Causes Of Flabby Arms And Exercises To Get Rid Of Them – Fast!

Summer clothes are the most revealing so everybody wants to look their best. But most of us are shocked at our flabby, heavy arms. Flabby arms are a common problem area, often referred to as bat wings, especially in women who store more fat in their upper arms than men, primarily due to hormones.

Many people today suffer from excess body fat. Nevertheless, not only in the stomach area, but also in the body, fat accumulates. Flabby arms look as bad as any other portion of the body’s excess fat. Even if you have a lean body, the entire look can be messed up by flabby arms.


Flabby arms often seem to emerge from nowhere, but their origin is possibly due to changes occurring in the body during adulthood. There are, however, ways of fighting and tightening flabby arms, including regular strength training sessions and cardio workouts.

Arm flabbiness is caused by excess fat, which can be the result of age-natural changes associated with it. Body fat tends to increase and typically lean muscle decreases after age 30. These changes are due in part to age-related hormonal changes, but also to the less active tendency.

Hormonal changes can certainly cause metabolic rate to decrease, which means fewer calories burned throughout the day. A sluggish metabolism combined with more calories consumed due to lack of exercise produces a considerable risk of weight gain.

Luckily, getting rid of flabby arms isn’t impossible–all you need is a bit of determination and a couple of minutes a week. You will be proud to soon be showing off those thin, firm arms. Most women struggle because of their flabby arms. If you’re one of them, stop searching for miraculous solutions and start doing these 5 exercises.



Using a width shoulder grip, grab the pull up bar. Then, take a deep breath, while activating the lats, thighten your abs and drive the elbows straight down to the ground. Pull your chin to the bar until the lats contract completely, then slowly lower back to the starting position and repeat the number of repetitions assigned.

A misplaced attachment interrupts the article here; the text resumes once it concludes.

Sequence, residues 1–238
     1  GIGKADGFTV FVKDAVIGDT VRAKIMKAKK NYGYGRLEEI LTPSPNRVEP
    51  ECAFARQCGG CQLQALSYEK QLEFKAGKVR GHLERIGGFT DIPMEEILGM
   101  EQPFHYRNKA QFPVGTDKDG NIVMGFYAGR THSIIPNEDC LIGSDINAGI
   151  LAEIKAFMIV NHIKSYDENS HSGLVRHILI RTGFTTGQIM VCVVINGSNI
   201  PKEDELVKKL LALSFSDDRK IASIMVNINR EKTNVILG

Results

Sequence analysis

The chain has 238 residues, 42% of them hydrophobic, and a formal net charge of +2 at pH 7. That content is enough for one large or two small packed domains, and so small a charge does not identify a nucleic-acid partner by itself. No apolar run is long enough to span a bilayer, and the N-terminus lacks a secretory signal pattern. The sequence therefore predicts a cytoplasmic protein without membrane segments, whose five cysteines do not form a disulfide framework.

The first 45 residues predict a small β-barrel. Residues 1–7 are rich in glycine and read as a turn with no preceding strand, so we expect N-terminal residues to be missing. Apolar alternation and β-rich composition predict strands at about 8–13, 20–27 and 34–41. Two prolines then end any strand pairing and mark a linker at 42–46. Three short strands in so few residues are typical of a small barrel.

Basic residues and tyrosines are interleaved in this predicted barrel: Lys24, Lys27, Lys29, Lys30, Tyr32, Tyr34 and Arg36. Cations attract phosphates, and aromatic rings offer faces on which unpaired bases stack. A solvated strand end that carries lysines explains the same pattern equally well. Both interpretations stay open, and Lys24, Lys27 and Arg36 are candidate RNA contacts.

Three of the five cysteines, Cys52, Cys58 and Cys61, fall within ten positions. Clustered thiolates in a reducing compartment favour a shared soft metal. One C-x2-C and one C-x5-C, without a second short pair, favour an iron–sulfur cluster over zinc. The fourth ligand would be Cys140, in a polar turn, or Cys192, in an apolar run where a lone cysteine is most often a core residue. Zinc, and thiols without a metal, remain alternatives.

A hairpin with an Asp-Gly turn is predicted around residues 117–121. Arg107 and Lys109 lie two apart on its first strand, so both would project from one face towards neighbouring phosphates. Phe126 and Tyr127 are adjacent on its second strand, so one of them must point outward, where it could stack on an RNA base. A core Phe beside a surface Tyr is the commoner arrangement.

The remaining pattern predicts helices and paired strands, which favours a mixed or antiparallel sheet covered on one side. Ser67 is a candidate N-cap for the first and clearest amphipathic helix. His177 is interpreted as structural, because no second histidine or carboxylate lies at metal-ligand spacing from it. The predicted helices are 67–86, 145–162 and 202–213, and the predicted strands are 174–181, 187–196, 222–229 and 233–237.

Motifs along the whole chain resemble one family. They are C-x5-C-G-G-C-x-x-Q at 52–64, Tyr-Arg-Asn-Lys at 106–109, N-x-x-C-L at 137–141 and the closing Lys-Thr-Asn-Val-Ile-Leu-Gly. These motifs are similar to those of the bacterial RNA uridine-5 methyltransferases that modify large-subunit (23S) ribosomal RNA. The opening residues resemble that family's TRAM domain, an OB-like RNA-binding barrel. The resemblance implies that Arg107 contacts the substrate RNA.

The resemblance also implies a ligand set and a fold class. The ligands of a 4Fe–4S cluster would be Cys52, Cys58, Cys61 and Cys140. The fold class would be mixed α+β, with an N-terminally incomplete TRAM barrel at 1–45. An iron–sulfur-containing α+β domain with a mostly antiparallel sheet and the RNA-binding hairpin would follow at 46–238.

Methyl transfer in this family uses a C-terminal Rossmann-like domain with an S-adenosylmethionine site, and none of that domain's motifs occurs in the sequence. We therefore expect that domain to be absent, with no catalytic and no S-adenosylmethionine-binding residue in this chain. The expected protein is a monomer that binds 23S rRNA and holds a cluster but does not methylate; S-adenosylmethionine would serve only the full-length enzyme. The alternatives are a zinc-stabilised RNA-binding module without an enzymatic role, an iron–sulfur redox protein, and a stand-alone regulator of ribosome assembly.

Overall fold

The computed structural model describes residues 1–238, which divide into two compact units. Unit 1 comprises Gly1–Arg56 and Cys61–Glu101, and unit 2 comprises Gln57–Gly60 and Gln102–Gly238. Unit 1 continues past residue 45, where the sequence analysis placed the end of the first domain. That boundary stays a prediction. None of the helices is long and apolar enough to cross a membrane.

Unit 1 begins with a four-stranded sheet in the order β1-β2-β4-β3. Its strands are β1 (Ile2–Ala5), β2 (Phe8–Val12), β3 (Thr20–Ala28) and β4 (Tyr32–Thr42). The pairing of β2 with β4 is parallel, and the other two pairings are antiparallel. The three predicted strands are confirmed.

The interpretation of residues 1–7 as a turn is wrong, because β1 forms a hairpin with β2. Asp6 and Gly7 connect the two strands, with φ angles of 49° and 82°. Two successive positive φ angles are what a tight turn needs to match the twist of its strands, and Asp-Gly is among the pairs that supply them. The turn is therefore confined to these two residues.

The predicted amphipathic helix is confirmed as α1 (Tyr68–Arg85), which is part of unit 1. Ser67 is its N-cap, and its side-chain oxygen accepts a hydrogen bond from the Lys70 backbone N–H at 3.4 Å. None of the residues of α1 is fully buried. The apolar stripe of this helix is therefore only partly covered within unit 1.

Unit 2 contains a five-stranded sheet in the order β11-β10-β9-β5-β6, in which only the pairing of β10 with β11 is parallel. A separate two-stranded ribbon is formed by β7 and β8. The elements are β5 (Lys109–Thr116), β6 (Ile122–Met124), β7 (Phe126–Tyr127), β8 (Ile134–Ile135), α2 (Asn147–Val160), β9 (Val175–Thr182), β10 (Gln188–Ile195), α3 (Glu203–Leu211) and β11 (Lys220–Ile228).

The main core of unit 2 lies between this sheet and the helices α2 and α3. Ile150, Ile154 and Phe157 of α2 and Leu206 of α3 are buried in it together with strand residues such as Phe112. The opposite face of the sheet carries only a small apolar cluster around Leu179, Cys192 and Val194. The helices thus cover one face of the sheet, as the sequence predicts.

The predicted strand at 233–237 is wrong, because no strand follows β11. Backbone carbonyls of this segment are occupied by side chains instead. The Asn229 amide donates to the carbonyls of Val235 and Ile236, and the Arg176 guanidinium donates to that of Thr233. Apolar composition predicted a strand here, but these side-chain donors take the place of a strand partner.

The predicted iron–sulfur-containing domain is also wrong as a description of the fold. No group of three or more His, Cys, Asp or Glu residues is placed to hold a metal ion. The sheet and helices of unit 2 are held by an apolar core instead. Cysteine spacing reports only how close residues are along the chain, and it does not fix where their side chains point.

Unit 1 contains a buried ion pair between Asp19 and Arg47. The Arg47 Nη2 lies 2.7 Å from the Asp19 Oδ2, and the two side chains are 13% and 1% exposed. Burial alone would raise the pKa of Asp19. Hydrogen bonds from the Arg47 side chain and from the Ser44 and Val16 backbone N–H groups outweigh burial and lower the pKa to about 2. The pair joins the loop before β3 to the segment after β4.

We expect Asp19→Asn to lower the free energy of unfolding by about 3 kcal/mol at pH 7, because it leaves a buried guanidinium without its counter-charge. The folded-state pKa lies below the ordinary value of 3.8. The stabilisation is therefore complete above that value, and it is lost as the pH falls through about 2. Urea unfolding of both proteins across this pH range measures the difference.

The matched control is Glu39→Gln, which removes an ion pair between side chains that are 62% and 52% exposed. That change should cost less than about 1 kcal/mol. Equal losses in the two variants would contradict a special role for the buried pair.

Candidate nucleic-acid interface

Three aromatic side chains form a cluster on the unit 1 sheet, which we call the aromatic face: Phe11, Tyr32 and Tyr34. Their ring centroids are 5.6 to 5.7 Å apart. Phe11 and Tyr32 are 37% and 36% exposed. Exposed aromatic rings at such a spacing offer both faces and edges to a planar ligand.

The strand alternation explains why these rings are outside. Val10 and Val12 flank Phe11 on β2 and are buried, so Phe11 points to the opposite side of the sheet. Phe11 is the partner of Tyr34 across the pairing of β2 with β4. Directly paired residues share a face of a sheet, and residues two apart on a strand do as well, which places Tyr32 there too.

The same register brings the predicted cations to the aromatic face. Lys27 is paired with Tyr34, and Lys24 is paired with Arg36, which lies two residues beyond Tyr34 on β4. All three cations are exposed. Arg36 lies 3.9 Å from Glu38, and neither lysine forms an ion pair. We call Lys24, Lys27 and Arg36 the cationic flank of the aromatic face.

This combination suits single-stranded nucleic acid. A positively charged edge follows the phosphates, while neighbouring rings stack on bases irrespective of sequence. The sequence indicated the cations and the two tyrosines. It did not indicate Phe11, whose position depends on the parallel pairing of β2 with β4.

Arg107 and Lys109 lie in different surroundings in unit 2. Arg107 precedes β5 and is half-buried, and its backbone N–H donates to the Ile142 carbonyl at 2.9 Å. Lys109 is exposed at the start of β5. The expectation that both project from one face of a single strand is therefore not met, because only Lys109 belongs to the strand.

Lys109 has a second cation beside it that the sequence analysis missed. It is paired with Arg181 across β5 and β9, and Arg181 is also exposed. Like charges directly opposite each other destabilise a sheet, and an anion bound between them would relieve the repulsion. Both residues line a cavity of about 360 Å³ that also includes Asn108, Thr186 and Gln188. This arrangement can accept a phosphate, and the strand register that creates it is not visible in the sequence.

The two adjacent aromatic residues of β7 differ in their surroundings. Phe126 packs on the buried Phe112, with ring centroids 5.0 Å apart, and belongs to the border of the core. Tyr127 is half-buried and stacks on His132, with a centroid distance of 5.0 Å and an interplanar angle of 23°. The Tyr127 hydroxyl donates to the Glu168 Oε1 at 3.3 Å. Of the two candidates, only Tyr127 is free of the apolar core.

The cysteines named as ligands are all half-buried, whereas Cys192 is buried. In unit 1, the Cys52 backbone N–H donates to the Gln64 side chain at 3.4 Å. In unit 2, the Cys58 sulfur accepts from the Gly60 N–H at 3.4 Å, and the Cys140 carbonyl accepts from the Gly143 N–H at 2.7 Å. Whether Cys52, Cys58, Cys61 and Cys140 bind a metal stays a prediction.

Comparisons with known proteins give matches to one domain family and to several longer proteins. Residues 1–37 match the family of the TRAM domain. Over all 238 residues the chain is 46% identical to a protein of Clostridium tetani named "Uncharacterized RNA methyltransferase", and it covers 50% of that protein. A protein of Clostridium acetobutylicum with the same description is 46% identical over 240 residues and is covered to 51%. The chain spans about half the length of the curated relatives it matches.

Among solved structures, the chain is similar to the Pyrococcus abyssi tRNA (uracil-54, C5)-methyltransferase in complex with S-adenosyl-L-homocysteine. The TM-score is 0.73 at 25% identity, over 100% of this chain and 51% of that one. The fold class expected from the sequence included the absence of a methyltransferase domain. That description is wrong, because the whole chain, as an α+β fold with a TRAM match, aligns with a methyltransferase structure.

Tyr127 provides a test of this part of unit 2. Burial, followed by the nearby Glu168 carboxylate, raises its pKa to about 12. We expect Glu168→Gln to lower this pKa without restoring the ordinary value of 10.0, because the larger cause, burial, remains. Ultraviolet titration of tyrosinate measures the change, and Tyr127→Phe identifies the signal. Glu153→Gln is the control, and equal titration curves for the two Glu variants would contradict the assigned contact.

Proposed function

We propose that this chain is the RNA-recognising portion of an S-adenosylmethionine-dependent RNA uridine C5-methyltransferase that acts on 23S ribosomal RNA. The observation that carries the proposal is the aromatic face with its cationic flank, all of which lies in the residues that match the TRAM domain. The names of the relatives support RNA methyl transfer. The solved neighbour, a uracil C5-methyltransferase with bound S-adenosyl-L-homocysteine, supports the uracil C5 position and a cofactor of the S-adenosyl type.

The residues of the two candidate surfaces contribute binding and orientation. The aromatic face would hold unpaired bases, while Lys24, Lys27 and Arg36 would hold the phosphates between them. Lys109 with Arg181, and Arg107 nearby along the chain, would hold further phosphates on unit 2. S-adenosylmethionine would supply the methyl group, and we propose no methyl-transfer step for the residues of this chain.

Sit on a chair or a bench, with your knees spread wide and feet on the floor. Take a dumbbell, bend forward a bit, place your elbow on the inside of your knee, and make sure your arm is hanging straight down. Curl the dumbbell slowly toward your shoulder, pause for a couple of seconds, then return to your starting position. Do this exercise with both your arms.


Lie face down on the floor and extend your hands to the length of your shoulder. Make sure you keep your body up to your arms’ length. Lower yourself until your chest almost touches the ground. Use your triceps and some of your pectoral muscles to pull your upper body back to the starting place and squeeze your chest. Breathe in. Repeat the exercise.


Stand straight up with dumbbells in both hands. The feet should be apart in the length of your shoulder. Lift over the dumbbells until both arms are fully extended. Make sure your hands’ palm faces up to the ceiling. This is the starting position for you. First, in a semicircular motion, breathe in and lower the resistance until your forearms meet your biceps. Use your triceps to lift the dumbbells and return to your starting position. Repeat.


Stand up straight and take a dumbbell in one of your hands. At shoulder width, separate your feet from each other. Extend one of the arms over your head, and make sure the dumbbell is above your head. This is going to be your starting position. Now, lower the tension until your forearm reaches your bicep. Inhale as you do this. Then lift the dumbbell back to the starting position and exhale as you do this step. Turn your hands over and repeat the motion.